The Pandemic hasn’t Dampened Enthusiasm for Blockchain Technology

Stephen DeAngelis

July 23, 2020

Two of the most obvious changes in consumer behavior during the novel coronavirus pandemic have been a spike in e-commerce and renewed interest in shelf stable food products. Kevin Beasley, CIO at VAI, explains, “As consumers hunker down at home because of COVID-19, their spending on packaged retail food items has surged. … Supply and retail companies continue to deliver, but there’s no doubt the supply chain is feeling the strain. To keep up, now and in the future, something needs to change. Consumer goods companies should use the current situation as an opportunity to reevaluate.”[1] In the course of reevaluating supply chain operations, Beasley believes companies need to take a hard look at two specific technologies — artificial technology (AI) and blockchain (aka distributed ledger technology).


“If predictions hold true,” he writes, “COVID-19 may reemerge even stronger in late 2020, and future pandemics may be an inevitable part of our new ‘normal.’ As it stands, two broad technology trends — artificial intelligence and blockchain — will be key in helping us manage unpredictable spikes in consumer demand caused by social distancing and public health mandates.” Nish Kotecha, Chairman and Co-founder of Finboot, and Shawn Muma, Technology Research Leader for The Center for Global Enterprise’s Digital Supply Chain Institute (DSCI), agree supply chains are going to look different once we emerge from the pandemic. They also agree blockchain will play a larger role in supply chain operations. They write, “Sales channels will be forever transformed with far greater buying and fulfillment through digital channels. That will place significant pressure on supply chains to create and deliver products in new ways. With its cross-enterprise workflow strengths, blockchain is likely to play a critical role bringing transparency and visibility to supply chains.”[2]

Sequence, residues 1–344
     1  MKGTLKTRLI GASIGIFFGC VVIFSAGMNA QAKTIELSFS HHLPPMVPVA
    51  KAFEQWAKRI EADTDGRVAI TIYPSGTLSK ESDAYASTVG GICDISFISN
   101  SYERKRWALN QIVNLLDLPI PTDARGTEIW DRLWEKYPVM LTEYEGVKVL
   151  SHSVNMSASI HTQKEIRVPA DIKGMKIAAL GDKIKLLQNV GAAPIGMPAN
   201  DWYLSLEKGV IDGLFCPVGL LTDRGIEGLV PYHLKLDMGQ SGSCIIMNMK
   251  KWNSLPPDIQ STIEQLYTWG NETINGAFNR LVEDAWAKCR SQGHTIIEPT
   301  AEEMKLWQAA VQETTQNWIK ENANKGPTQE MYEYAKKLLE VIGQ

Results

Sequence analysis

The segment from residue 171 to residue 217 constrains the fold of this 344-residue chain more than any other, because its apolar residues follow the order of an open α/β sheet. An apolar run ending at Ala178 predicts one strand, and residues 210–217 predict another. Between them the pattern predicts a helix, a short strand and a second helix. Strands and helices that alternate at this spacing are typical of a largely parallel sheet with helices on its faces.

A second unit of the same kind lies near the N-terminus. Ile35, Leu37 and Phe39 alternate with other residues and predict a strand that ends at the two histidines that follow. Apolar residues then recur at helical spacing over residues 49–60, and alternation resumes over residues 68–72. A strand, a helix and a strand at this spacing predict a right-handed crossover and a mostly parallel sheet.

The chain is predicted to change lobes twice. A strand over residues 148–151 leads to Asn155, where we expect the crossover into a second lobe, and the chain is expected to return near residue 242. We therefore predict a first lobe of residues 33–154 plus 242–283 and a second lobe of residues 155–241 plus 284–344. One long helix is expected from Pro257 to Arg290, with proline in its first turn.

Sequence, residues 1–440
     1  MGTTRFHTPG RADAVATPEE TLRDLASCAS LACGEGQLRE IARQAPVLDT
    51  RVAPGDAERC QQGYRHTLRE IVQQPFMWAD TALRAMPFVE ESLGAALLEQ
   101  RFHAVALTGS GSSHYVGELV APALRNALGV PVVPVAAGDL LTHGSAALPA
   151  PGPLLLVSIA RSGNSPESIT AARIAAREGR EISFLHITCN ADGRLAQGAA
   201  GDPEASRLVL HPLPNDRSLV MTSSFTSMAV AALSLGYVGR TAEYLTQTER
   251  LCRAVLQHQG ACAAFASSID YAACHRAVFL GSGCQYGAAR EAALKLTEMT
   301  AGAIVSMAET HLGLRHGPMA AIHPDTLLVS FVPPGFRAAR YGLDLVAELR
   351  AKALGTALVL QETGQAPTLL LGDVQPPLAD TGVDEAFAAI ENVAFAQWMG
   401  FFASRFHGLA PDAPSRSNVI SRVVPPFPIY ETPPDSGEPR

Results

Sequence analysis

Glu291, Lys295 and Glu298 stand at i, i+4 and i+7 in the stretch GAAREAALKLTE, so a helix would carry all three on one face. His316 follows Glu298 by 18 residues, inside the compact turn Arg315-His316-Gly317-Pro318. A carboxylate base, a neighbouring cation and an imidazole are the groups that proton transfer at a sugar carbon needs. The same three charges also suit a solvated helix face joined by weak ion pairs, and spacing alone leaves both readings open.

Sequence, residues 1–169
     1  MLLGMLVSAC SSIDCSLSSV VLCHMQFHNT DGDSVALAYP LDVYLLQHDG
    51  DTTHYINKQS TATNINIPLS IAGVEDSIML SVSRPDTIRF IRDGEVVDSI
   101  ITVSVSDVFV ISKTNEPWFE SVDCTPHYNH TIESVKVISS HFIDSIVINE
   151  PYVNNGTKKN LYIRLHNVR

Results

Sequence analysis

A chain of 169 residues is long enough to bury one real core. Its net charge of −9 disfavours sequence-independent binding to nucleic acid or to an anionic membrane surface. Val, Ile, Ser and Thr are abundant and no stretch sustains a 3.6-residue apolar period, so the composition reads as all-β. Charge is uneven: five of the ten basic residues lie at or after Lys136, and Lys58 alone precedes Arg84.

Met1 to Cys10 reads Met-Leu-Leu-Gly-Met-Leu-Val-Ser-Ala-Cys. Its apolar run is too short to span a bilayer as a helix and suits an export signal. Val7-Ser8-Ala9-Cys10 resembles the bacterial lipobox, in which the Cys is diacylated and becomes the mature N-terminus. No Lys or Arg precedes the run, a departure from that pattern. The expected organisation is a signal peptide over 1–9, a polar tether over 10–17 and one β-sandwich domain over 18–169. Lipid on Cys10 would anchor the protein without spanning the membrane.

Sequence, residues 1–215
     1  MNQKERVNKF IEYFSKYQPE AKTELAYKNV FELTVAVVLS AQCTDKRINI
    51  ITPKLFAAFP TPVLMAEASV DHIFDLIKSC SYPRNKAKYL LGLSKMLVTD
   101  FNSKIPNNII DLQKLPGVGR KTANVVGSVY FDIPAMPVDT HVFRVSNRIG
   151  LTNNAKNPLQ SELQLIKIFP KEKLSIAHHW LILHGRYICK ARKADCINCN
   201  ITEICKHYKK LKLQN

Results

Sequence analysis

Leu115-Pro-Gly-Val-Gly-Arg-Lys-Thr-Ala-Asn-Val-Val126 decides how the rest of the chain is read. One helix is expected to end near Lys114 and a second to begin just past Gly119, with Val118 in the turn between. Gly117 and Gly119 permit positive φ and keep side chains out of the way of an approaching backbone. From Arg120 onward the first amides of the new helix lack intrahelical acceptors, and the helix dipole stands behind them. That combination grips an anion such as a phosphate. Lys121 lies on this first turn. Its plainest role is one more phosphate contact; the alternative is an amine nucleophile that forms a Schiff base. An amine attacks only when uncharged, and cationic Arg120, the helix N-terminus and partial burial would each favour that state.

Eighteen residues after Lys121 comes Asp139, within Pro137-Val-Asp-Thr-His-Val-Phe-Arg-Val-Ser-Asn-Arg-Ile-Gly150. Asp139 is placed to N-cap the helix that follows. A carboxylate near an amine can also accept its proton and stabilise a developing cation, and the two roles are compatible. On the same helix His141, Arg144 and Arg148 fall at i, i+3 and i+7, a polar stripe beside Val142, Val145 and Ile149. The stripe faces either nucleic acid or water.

Blockchain and supply chain